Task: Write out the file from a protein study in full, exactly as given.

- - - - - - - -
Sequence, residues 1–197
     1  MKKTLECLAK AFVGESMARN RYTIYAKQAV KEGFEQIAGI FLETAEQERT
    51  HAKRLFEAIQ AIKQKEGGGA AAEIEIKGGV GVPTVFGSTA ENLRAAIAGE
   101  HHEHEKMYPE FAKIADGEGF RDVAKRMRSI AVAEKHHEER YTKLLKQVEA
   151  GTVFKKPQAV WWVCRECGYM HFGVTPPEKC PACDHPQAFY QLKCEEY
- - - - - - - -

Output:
Sequence, residues 1–197
     1  MKKTLECLAK AFVGESMARN RYTIYAKQAV KEGFEQIAGI FLETAEQERT
    51  HAKRLFEAIQ AIKQKEGGGA AAEIEIKGGV GVPTVFGSTA ENLRAAIAGE
   101  HHEHEKMYPE FAKIADGEGF RDVAKRMRSI AVAEKHHEER YTKLLKQVEA
   151  GTVFKKPQAV WWVCRECGYM HFGVTPPEKC PACDHPQAFY QLKCEEY